Belfast Telegraph

Tesco's £25 egg takes Easter prize

Tesco has won the title of the season's best Easter egg for the second year running - although it will set consumers back £25.

The Tesco Finest Medley of Flavoured Chocolate Easter Eggs scored 88 out of 100 in the annual Good Housekeeping magazine Easter Egg of the Year award.

Judges said they were "wowed" by the "beautifully presented" mix of white, milk and dark chocolate, and pieces of butterscotch, raspberry, hazelnut and coconut.

The 1kg (2.2lb) egg was also awarded the title of best for sharing.

Last year Tesco won with its own-label Chokablok American Dreamcake egg costing just £5.

The Waitrose Woodland Friends Hop The Frog won this year's children's category, scoring 81 out of 100, with judges describing the £5 hollow milk chocolate egg as "delicious" and also awarding it the "cuteness" award.

The Harrods Belgian Chocolate Lattice Egg, costing £29.95, won the best for grown-ups category, scoring 79 out of 100 for its "beautifully simple yet elegant eye-catching design with creamy milk chocolate swirls".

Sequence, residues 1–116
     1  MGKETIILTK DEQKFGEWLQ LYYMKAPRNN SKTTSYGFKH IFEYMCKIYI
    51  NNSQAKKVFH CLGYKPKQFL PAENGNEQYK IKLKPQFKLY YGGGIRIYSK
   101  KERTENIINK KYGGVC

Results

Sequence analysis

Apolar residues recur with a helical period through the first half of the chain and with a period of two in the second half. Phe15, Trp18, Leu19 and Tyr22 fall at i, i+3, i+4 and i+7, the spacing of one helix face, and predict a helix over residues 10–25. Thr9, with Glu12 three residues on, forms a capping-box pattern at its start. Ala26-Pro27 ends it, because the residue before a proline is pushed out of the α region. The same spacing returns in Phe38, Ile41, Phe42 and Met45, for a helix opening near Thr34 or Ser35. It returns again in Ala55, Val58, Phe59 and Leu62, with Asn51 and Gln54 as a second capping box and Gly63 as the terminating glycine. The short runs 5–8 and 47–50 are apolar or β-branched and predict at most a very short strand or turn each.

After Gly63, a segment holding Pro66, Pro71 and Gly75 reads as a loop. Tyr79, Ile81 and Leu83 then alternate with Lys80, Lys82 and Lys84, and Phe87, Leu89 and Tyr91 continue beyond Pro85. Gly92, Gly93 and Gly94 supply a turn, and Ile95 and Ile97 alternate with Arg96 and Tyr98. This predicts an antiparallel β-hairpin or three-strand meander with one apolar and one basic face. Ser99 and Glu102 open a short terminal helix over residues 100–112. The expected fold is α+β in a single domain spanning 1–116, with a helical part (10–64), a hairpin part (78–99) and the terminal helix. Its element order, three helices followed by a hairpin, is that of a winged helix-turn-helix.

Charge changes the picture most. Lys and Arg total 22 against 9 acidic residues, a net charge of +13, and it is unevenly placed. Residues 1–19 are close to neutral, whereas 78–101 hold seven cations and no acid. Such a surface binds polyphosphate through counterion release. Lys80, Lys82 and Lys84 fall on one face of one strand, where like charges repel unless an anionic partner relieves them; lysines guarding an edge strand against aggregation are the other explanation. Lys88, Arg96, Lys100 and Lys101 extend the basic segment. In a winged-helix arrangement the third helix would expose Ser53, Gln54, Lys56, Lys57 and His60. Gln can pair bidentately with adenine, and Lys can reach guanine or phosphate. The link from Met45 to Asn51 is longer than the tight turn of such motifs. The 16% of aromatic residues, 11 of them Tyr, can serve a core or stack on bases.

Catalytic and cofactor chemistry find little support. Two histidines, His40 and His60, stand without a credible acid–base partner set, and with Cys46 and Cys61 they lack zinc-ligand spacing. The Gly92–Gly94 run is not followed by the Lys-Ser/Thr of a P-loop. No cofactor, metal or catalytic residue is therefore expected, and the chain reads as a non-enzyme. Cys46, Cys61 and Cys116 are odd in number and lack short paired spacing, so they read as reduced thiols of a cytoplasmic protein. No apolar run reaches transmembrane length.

The Lindt Hello Cookies and Cream egg, priced at £9.99, won the best for teens category.

Good Housekeeping experts sampled 200 chocolate eggs costing between £1.25 and £45.

They also tested hot cross buns and Simnel cakes, judging that shoppers should still head to the supermarkets rather than to their upmarket rivals.

Tesco won the hot cross bun category with its Finest range priced at £1.70 for four, scoring 84 out of 100, while Aldi's "generously fruited and good-sized" offering costing 99p was runner-up with a score of 78 out of 100 and Lidl's Rowan Hill buns at 79p for six were awarded best bargain buy.

All three brands beat 15 rivals including Harrods, Duchy Originals and Heston Blumenthal.

Good Housekeeping consumer director Caroline Bloor said: "As our tests confirm, even if you are watching the budget, you don't need to compromise on taste.

"You're as likely to find a delicious Easter treat in the supermarket as you are in the luxury shops."


From Belfast Telegraph